House Prices, Anti LGBTIQ Laws and Post COVID-19 Employee Benefits – The Latest News
New Record: House prices rise by nearly 13% in May
This is the largest increase since April 2001
As the national statistical agency CBS reported, the growth of housing prices in the Netherlands will not decrease, as in May the average growth was 12.9% compared to May 2020.
This is the largest increase since April 2001 and a significant increase over the 11.5% increase in April. It was also a 20-year high.
The numbers also inform that only 16,000 homes changed hands in a month – 12% less than a year ago, further evidence of a supply shortage.
Housing prices have risen stable since 2013, and before that fell sharply due to the recent financial crisis.
The Netherlands joins condemnation of Hungary’s new anti LGBTIQ laws
Dutch Trade Minister Sigrid Kaag called the law unacceptable and unworthy of the EU
The Netherlands is one of 13 EU countries that have composed and signed a statement condemning new anti LGBTIQ legislation in Hungary, describing it as a ‘flagrant form of discrimination based on sexual orientation’.
Amendments to existing laws on child abuse, media law, government education, and family protection prohibit the portrayal of non-heterosexual people in books, films, and other media for those under 18.
“Inclusion, human dignity and equality are core values of our European Union, and we cannot compromise on these principles,” the signatory countries, including Belgium, Luxembourg, Estonia and Finland, say.
“These amendments also violate freedom of expression by restricting freedom to hold opinions and to receive and impart information without interference from public authorities, as enshrined in the Charter of Fundamental Rights of the European Union.”
Dutch Trade Minister Sigrid Kaag called the law unacceptable and unworthy of the EU.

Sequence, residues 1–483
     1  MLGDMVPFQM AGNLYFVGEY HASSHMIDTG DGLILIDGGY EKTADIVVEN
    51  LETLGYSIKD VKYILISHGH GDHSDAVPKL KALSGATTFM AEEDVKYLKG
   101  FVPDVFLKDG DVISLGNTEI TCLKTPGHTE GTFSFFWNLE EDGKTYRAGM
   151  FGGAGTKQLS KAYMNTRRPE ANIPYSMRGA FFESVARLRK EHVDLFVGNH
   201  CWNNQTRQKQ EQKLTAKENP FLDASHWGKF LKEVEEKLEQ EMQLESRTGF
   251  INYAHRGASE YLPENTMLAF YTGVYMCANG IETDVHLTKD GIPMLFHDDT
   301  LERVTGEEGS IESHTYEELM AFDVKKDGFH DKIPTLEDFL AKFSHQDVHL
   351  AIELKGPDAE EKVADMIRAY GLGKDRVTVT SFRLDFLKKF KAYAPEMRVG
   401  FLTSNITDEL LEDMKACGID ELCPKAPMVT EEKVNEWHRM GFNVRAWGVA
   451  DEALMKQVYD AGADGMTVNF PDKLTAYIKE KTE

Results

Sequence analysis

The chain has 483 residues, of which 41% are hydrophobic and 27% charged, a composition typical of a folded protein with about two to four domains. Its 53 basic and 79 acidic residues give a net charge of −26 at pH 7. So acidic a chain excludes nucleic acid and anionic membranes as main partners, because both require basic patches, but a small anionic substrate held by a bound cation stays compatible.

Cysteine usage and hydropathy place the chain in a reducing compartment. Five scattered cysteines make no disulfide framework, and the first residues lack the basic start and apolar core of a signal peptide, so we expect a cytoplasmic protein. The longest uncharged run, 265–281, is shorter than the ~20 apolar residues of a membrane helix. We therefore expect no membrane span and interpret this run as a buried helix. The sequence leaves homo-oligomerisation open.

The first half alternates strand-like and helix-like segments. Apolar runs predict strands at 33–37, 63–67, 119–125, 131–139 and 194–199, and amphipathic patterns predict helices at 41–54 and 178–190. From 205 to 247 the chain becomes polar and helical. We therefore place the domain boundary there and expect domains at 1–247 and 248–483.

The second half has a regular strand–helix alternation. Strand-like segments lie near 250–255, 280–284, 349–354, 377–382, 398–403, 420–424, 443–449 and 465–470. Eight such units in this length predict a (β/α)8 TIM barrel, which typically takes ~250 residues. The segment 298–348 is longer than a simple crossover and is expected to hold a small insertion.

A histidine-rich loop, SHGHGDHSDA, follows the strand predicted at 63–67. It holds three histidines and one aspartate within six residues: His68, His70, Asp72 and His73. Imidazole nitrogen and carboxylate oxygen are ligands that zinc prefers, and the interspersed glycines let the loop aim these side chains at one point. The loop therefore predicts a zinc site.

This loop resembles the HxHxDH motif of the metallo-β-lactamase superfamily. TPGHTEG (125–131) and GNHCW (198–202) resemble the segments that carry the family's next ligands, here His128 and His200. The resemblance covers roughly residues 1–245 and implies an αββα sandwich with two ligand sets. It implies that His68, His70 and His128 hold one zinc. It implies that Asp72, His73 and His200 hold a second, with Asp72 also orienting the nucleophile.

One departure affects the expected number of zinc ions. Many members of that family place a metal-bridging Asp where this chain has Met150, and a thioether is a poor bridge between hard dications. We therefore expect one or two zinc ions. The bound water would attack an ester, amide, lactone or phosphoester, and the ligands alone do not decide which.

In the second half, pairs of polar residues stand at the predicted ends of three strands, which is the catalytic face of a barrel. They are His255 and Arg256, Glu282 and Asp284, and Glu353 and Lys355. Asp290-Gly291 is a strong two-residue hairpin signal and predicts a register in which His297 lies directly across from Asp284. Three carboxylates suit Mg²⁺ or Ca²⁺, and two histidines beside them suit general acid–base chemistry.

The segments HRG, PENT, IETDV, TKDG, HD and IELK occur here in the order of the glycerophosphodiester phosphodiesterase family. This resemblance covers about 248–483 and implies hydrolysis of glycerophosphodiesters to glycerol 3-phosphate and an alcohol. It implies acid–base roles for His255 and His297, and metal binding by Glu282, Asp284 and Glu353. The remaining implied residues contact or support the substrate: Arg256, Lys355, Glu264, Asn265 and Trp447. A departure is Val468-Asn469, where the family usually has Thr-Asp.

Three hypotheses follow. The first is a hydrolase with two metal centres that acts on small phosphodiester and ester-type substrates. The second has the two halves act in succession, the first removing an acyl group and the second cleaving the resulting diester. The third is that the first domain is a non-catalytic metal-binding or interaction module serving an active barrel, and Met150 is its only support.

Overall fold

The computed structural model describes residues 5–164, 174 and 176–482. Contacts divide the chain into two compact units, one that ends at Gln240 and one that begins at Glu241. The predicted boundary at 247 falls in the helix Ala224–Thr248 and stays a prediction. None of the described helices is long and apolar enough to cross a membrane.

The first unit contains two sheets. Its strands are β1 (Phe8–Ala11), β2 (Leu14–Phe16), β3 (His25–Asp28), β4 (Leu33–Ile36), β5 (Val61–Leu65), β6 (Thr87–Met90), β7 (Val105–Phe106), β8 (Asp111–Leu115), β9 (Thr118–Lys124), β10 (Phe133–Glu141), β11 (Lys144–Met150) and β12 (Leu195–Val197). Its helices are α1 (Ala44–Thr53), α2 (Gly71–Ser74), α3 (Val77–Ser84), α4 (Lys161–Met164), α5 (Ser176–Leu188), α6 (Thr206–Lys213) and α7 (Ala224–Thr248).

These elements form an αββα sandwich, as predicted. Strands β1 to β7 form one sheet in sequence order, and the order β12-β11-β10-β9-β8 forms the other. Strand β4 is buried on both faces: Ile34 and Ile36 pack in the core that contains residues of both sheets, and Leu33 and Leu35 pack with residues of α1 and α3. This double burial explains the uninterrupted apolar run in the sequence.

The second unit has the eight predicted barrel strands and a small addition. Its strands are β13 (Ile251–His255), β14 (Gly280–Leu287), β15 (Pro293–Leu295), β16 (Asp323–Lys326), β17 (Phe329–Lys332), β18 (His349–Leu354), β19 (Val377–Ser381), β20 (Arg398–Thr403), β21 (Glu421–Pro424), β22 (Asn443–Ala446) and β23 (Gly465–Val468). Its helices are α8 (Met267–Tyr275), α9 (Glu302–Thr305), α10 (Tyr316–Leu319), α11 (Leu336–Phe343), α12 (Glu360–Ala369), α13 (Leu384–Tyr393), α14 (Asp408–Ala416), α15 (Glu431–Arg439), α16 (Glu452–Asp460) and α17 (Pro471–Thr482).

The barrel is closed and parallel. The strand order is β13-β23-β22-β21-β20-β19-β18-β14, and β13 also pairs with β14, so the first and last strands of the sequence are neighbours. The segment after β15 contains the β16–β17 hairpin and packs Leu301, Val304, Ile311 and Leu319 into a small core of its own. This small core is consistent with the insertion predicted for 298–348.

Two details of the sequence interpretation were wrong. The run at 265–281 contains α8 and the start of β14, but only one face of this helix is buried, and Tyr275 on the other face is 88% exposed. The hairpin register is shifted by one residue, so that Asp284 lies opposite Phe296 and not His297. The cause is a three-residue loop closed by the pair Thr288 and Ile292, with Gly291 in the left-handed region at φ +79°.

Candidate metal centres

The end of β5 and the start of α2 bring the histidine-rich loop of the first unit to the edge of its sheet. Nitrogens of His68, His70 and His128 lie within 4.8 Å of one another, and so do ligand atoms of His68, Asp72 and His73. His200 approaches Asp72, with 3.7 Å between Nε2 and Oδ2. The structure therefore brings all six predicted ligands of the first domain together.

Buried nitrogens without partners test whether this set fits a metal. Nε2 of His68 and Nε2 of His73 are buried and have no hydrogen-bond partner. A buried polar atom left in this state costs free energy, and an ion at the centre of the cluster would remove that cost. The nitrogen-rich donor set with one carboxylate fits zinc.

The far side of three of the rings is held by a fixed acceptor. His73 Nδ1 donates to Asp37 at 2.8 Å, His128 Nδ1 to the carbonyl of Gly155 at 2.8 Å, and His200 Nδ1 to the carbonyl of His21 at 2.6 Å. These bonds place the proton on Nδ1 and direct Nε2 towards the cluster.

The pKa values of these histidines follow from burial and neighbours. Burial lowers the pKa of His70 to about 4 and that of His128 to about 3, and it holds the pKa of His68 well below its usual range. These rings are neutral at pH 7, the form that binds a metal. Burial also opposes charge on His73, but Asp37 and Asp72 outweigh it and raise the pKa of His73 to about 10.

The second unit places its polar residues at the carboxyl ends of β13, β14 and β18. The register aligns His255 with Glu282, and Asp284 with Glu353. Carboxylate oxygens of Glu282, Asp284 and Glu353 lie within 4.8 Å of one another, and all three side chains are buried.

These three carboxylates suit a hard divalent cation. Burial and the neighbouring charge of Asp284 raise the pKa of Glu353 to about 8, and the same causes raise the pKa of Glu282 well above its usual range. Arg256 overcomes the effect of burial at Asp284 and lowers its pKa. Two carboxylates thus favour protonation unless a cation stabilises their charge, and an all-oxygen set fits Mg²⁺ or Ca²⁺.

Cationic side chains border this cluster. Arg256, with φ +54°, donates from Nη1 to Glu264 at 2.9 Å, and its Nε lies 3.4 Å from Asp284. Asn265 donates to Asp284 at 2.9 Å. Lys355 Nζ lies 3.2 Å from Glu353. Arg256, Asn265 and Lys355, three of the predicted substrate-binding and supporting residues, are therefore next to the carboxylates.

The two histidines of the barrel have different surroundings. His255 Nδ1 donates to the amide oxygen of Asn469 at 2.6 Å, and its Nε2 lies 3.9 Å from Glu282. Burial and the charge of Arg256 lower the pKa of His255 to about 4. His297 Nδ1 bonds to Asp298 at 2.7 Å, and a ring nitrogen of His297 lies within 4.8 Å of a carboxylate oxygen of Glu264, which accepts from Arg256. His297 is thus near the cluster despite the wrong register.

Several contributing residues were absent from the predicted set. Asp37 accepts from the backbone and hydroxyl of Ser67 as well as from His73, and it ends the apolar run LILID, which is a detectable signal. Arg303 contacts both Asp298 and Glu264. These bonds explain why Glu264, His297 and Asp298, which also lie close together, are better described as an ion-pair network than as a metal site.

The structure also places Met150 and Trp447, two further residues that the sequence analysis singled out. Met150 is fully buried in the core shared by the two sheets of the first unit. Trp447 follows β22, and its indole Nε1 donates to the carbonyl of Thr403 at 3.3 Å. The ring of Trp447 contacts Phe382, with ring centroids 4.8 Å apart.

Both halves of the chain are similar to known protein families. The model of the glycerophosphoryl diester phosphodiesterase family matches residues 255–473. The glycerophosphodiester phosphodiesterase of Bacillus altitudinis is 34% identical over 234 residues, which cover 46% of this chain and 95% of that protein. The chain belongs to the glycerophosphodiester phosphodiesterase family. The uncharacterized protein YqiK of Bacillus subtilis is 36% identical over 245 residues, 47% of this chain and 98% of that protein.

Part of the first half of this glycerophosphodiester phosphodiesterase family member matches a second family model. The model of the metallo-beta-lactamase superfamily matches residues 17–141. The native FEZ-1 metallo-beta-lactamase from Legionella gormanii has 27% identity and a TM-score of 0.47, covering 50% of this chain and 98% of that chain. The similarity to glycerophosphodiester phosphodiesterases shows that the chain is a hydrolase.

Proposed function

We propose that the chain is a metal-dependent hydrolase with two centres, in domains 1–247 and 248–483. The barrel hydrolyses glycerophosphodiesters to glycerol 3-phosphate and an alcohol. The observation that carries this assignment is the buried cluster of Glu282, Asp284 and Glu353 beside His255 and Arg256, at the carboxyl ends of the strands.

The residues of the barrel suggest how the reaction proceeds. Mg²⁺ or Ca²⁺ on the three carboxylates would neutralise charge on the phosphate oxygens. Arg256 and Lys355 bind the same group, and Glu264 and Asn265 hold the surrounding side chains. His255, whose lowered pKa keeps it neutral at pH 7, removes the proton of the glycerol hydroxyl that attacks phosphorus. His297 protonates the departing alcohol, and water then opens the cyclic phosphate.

“Respect for our European values is not optional,” she said on Twitter. “Discriminating against LGBTI persons under the pretext of protecting children is unacceptable in the EU.”
Redefining employee benefits post COVID-19
Not long ago, organizations around the world understood employee benefits and took their functional role for granted. For large organizations, the benefits they offered to their employees were accepted in the form of service perks, such as access to a gym, games room, or office pool. For small organizations, the focus has always been on health insurance. There was nothing special or terrible about the benefits offered, although there were minor differences between organizations. In all cases, however, the benefits were considered “useful,” with the priority given to the job role in the organization.
However, in the post-COVID scenario, the whole approach to benefits has changed, with the main shift being that benefits are now seen as “must-haves” that make up a large part of the corporate culture and therefore play a critical role in its development. employee engagement and retention. In addition, there are new areas of concern that have never been addressed before because they were not thought to have a sufficient impact on business, but given that the impact of COVID-19 is being felt across all industries and economies.
Addressing engagement and retention through benefits
- Approaching healthcare as a holistic digital offering: Even before COVID, there was a need for more health insurance offerings for MSMEs, with only 30% offering health insurance, according to KPMG. With the focus on health issues, organizations were quick to offer this as a benefit to their employees. In fact, healthcare delivery has changed from routine hospital visits and face-to-face meetings to online consultations and drug delivery on the doorstep.
- Offering increased flexibility in terms of work: As the pandemic forced people to retire to their homes, they had to combine professional and caregiving work (both for themselves and for their family members) at the same time. This resulted in a great increase in mental health problems among employees: McKinsey reports that 62% of employees worldwide considered it a challenge to manage their mental health along with their professional responsibilities.
- Diversifying and personalizing wellness offerings: in September 2020, Google extended its Labor Day off, and SAP followed suit with a mental health day off. Among other firms to join this example, LinkedIn gave all of its 15,000+ employees a week off to recover from burnout.
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